Failure to comply to the expectation; however, gets your child kicked out of the program.

Remember that the neighborhoods in which such programs are anchored are largely comprised of families of color. 

When the white, well-meaning classroom teacher or family services worker has to tell the families that they have to ‘do it or else’ it is a form of unintentional racism.

It stems from institutionalized white supremacy.

***

All oppression, including racism, requires a SYSTEM of imbalance that gives one group benefits and glory solely based on belonging to that group. As a person who experiences white privilege, there are automatic assumptions made about me and for me.

In order to be racist you must belong to the privilege group. That’s why I can be appropriately seen as a racist, regardless of my intention, when I call a brown-skinned student out for talking more than his light-skinned peers.

The stark difference is intent versus impact. THAT is how I can be an unintentional racist.

School rules related to group norms, white group norms, place a target directly on those who don’t follow those group norms.

As schools increase in their policy of zero tolerance, those who fall outside the norms — who are never taught to bridge the gap, never taught the rules of the culture of power or reject it because it conflicts with their culture or needs — fall deeply between the cracks as discipline becomes more and more severe.

This is the experience of our students of color.

The result is what has become known as the “school to prison pipeline.” This travesty is the impact of non-culturally responsive education — even if it is not the intention.

Education is not the only system that reeks this level of devastation. Bureaucratic organizations are built on the norms of forefathers who were white men with land whose perspective was that white men with land were the people of value.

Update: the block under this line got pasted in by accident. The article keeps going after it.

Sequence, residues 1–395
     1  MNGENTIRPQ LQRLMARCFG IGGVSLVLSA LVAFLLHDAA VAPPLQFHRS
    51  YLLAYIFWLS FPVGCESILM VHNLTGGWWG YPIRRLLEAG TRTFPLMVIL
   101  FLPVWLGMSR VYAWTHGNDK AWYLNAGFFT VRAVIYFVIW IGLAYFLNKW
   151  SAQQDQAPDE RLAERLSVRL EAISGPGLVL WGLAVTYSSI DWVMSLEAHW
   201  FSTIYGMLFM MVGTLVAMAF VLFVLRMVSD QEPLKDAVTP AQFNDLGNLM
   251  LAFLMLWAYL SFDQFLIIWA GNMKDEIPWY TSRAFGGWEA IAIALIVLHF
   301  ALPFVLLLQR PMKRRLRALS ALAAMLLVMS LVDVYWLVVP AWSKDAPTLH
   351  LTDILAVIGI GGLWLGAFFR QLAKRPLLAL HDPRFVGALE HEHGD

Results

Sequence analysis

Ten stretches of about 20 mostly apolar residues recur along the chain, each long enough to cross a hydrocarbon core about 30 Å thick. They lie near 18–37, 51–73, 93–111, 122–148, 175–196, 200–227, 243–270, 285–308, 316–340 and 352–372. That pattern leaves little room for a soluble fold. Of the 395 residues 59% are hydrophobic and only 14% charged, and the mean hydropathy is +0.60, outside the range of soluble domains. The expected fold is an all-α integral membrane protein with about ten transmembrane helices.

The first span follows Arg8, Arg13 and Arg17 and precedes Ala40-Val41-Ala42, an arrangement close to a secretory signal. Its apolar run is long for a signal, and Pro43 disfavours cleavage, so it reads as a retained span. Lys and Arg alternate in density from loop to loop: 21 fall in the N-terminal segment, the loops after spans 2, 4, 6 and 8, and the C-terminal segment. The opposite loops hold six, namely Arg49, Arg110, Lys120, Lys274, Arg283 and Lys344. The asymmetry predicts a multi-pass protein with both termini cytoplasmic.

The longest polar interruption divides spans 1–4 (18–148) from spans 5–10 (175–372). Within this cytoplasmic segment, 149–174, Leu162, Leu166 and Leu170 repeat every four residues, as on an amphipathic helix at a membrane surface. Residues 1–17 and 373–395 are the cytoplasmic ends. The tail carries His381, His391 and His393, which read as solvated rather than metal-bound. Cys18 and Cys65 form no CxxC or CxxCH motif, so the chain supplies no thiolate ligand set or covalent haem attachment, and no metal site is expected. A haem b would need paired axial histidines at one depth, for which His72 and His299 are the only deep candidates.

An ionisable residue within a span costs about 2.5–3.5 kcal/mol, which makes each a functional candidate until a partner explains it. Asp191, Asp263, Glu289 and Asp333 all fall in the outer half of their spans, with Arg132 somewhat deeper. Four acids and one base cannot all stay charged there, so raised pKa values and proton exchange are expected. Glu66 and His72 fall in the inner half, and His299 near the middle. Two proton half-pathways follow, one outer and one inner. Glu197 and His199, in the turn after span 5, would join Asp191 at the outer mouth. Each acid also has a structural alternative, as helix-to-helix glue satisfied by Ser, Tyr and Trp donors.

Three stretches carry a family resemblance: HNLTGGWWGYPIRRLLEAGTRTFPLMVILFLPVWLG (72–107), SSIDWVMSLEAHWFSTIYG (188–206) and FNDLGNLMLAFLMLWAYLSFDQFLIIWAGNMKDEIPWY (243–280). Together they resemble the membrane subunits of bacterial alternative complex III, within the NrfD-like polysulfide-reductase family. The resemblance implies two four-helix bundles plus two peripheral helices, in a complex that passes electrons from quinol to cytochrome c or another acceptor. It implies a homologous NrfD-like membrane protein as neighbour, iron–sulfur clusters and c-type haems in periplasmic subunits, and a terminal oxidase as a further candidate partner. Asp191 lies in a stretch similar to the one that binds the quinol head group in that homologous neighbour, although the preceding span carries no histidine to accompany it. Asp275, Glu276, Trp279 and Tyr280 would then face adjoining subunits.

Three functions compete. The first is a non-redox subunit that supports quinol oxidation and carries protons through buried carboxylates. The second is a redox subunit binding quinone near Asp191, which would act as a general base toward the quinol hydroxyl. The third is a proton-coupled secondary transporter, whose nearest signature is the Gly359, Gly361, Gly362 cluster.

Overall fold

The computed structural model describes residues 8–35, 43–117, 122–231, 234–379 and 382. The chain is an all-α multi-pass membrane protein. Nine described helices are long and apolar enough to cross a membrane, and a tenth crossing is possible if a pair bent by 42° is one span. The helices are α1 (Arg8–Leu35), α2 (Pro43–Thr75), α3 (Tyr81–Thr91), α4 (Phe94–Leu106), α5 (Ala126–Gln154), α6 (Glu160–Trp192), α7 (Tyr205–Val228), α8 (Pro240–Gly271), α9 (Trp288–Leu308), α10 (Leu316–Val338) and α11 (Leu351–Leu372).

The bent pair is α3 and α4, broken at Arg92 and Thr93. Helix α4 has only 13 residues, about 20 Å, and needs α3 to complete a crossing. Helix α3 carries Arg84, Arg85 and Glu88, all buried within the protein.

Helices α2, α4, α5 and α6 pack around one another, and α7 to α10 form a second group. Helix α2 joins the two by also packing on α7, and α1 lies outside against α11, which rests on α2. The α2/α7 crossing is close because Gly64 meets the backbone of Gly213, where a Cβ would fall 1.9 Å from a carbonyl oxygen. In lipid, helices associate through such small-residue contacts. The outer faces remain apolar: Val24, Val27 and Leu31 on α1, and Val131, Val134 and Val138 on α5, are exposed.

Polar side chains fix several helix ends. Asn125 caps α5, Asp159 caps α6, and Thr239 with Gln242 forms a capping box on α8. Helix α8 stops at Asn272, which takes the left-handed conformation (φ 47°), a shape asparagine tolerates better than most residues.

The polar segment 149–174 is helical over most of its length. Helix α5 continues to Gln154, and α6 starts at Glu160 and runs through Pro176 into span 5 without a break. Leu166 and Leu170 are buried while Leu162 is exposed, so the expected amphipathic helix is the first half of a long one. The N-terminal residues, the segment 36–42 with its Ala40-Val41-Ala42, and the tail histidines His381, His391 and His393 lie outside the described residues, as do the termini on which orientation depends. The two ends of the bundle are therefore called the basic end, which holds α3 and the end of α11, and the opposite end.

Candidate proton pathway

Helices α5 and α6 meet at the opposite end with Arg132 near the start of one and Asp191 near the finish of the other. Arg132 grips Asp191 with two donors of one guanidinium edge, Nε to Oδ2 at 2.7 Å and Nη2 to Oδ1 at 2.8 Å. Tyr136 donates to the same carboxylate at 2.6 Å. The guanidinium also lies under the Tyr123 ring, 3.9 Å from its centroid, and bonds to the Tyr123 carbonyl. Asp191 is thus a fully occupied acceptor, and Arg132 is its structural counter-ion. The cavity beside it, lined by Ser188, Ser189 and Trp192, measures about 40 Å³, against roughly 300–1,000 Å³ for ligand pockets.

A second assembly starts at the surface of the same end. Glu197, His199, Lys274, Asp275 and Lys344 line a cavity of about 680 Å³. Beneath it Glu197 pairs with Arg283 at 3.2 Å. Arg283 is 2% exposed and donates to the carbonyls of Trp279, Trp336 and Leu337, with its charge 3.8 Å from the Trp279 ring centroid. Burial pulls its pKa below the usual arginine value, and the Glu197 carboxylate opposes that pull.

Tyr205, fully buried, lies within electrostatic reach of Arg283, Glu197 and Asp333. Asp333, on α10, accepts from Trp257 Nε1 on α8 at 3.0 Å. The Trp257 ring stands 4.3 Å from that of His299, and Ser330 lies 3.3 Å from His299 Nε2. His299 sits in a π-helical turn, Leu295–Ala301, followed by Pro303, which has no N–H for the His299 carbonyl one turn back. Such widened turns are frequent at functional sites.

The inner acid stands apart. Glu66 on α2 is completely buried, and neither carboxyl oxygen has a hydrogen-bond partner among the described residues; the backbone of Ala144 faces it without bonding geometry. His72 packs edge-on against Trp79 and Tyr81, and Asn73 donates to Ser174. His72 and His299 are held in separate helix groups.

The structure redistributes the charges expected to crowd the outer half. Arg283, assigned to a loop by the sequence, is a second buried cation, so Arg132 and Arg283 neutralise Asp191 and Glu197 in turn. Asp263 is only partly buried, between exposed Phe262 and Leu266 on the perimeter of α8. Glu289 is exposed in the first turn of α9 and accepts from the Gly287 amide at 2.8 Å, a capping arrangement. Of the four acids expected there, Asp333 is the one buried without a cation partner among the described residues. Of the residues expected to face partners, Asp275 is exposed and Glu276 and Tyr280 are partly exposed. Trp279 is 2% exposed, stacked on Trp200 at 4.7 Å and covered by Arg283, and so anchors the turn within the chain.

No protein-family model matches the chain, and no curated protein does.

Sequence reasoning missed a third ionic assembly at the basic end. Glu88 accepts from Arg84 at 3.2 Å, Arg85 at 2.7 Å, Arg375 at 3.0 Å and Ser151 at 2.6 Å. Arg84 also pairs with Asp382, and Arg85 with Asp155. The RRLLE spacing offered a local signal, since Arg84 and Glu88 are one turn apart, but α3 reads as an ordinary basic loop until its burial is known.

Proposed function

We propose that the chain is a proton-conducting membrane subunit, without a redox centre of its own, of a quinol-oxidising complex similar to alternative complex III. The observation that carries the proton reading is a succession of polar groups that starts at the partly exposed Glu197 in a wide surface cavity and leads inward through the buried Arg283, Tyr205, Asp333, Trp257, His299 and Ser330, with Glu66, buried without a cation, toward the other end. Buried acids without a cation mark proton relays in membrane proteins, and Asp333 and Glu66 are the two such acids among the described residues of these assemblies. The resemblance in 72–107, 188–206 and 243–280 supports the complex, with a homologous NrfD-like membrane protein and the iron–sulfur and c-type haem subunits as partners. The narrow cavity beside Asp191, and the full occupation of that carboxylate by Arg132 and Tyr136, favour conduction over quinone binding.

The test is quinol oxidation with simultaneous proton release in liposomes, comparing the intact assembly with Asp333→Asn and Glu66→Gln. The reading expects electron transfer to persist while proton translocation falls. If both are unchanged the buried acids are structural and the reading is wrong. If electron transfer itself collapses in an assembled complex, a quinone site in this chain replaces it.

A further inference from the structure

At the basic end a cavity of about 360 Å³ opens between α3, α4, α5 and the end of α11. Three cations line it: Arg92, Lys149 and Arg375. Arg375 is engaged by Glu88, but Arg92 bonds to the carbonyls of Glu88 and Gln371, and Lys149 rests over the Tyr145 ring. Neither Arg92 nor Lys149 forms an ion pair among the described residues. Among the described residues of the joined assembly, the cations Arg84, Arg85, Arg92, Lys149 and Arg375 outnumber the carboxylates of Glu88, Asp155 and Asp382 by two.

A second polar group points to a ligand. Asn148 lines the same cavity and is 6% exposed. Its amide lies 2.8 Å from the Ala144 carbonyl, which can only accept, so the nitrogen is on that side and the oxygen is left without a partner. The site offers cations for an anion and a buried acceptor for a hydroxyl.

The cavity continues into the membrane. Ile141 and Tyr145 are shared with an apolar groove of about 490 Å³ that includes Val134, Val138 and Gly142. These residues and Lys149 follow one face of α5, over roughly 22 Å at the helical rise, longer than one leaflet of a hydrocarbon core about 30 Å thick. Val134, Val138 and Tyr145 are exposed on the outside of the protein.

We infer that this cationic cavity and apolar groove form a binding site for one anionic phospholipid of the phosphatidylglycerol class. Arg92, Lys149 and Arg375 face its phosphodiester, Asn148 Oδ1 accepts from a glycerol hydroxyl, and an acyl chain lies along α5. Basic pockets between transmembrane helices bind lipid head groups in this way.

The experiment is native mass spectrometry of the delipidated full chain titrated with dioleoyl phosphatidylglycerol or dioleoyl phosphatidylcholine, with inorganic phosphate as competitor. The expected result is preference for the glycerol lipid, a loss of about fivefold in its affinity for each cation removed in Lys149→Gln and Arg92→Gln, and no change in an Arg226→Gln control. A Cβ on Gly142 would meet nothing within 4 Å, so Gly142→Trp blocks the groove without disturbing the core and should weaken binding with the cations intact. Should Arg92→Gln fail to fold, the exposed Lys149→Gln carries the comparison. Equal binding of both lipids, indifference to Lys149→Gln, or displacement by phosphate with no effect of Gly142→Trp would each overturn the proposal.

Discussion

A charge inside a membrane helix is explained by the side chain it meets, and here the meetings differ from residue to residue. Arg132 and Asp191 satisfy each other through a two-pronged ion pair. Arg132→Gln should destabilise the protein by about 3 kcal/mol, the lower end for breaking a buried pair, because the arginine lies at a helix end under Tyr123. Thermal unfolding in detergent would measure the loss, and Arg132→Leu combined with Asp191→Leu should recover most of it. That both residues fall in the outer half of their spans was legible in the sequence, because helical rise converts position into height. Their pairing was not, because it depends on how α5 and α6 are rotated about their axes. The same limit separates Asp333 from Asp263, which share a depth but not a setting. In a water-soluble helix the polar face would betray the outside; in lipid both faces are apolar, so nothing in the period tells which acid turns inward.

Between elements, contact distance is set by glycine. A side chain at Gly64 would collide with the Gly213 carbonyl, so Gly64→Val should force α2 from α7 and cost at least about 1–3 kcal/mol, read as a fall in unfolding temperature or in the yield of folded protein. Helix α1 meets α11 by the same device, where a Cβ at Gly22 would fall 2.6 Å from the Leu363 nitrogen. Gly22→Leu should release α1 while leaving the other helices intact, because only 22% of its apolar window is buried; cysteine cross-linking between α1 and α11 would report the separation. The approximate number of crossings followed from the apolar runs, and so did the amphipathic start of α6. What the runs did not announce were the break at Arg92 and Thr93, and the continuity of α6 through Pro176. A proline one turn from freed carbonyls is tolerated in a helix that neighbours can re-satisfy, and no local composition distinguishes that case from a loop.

While the social rhetoric has altered to begin to take on social responsibility of equity, the systems haven’t changed. The rules, ideals, and mechanisms continue to follow the models that reflect colonized, white values.

THIS is how my white privilege allows me to continue the trauma and oppression without ever meaning to.

It is critical, then, to raise our awareness, to understand that racism is less about the individual and more about the system and the impact — regardless of the intention.

That’s how, even as an ally, doing my best to walk shoulder to shoulder with my brown skinned colleagues, I can still be a racist.

That’s why my continued education, learning, and listening are SO important.

That’s why while I am the only one responsible for making sure I’m living accordingly to my anti-oppression values, I also invite those on this journey with me, whether marginalized or privileged, to inform me when I’m doing something that is inherently racist, when my socially conditioned responses are reinforcing the racist, oppressive system.

We need each other to learn and grow on this journey of dismantling oppression and racism. We need each other to recognize that no one is perfect and to remind and push and prod each other with compassion to get to the best of who we are becoming as allies, as colleagues, as friends, as humans.

Leah R. Kyaio is a Contributing Writer for Everyday Feminism and co-owns and operates With Respect, LLC, creating strengths-based solutions for violence and oppression. Her work includes professional and organizational development, team-focused consultant work, individual coaching for front line to executive personnel, and systems analysis and restructuring. To learn more about how it all comes together, visit her website.